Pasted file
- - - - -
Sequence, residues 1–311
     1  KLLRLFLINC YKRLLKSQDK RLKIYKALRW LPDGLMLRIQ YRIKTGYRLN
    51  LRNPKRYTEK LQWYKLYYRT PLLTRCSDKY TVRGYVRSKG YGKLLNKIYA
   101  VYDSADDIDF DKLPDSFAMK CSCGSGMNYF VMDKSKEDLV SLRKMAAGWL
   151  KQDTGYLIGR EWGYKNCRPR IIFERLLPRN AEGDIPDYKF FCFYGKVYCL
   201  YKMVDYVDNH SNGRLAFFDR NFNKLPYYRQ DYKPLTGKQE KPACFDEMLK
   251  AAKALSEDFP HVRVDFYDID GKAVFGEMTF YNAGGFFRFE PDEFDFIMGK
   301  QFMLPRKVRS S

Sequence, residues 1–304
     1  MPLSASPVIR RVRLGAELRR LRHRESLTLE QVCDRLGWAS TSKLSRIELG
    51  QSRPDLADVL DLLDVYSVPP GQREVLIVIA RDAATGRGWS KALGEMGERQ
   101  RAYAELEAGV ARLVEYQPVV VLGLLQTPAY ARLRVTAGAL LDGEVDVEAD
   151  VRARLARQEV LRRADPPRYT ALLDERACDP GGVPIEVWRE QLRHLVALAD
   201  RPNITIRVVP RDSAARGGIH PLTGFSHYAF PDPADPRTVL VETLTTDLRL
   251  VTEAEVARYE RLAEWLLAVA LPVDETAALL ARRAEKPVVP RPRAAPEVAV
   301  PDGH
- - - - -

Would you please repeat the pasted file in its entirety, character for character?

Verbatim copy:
Sequence, residues 1–311
     1  KLLRLFLINC YKRLLKSQDK RLKIYKALRW LPDGLMLRIQ YRIKTGYRLN
    51  LRNPKRYTEK LQWYKLYYRT PLLTRCSDKY TVRGYVRSKG YGKLLNKIYA
   101  VYDSADDIDF DKLPDSFAMK CSCGSGMNYF VMDKSKEDLV SLRKMAAGWL
   151  KQDTGYLIGR EWGYKNCRPR IIFERLLPRN AEGDIPDYKF FCFYGKVYCL
   201  YKMVDYVDNH SNGRLAFFDR NFNKLPYYRQ DYKPLTGKQE KPACFDEMLK
   251  AAKALSEDFP HVRVDFYDID GKAVFGEMTF YNAGGFFRFE PDEFDFIMGK
   301  QFMLPRKVRS S

Sequence, residues 1–304
     1  MPLSASPVIR RVRLGAELRR LRHRESLTLE QVCDRLGWAS TSKLSRIELG
    51  QSRPDLADVL DLLDVYSVPP GQREVLIVIA RDAATGRGWS KALGEMGERQ
   101  RAYAELEAGV ARLVEYQPVV VLGLLQTPAY ARLRVTAGAL LDGEVDVEAD
   151  VRARLARQEV LRRADPPRYT ALLDERACDP GGVPIEVWRE QLRHLVALAD
   201  RPNITIRVVP RDSAARGGIH PLTGFSHYAF PDPADPRTVL VETLTTDLRL
   251  VTEAEVARYE RLAEWLLAVA LPVDETAALL ARRAEKPVVP RPRAAPEVAV
   301  PDGH